Global Politics

This is a moment of reckoning for American Jews, Haaretz reporter says

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A man cycles past signs bearing the name of U.S. President-elect Republican Donald Trump in Tel Aviv, Israel November 14, 2016.

A man cycles past signs bearing the name of U.S. President-elect Republican Donald Trump in Tel Aviv, Israel November 14, 2016.

Credit:

REUTERS/Baz Ratner

During the presidential campaign, Donald Trump spoke often about his love for Israel. Many there cheered his victory last week.

Now, some Israelis are questioning that support after Trump selected Stephen Bannon as his White House chief strategist.

Bannon has been called a white nationalist by House minority leader Nancy Pelosi, among others. He's the head of Breitbart, a website that's been associated with what the Anti-Defamation League calls "unabashed anti-Semites."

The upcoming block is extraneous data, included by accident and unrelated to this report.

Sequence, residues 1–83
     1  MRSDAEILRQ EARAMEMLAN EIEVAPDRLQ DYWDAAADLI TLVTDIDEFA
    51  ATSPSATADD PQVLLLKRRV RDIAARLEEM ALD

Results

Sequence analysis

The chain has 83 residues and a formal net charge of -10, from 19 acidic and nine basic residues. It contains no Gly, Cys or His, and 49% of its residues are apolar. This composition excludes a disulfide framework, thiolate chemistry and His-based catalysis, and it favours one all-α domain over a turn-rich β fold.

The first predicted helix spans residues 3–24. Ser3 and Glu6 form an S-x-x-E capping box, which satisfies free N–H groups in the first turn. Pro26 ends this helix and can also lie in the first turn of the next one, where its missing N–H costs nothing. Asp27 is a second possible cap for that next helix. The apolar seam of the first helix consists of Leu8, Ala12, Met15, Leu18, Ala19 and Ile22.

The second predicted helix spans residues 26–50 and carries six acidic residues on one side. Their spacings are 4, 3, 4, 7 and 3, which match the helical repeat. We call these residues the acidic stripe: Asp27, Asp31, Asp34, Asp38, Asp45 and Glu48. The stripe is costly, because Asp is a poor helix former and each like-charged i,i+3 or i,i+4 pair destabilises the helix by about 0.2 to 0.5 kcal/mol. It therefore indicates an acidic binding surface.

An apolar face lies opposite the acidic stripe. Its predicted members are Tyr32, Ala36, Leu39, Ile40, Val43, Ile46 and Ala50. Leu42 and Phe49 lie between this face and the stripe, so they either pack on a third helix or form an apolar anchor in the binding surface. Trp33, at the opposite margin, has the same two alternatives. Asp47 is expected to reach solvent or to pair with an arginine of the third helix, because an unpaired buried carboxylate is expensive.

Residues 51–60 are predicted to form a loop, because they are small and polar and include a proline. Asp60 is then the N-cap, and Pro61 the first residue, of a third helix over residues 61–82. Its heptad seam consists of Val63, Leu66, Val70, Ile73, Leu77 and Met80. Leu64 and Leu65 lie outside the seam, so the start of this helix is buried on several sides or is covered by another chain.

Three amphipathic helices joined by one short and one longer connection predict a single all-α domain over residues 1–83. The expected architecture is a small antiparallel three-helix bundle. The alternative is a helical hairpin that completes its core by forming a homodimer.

How does that square with Israelis?

"Well, it kind of depends which Israelis you ask," says Allison Kaplan Sommer, a Tel Aviv-based reporter for Haaretz. "Israelis who are ideologically committed to settling the West Bank and against peace deals with the Palestinians responded ecstatically to the election of Donald Trump. But other Israelis, who are more in tune with some of the American Jewish counterparts who have great misgivings for Donald Trump and what he stands for, are less excited."

Sommer wrote about this and more in an article titled "Steve Bannon's Appointment Is a Moment of Truth for U.S. Jews."

Sommer believes American Jews are in a difficult situation.

"I think there is a generation of progressive American Jews who will be on the side of fighting President-elect Trump," she says. "And on the other hand there is going to be the government of Israel. ... So, some of those American Jewish establishment leaders are going to have to figure out how to work both sides."

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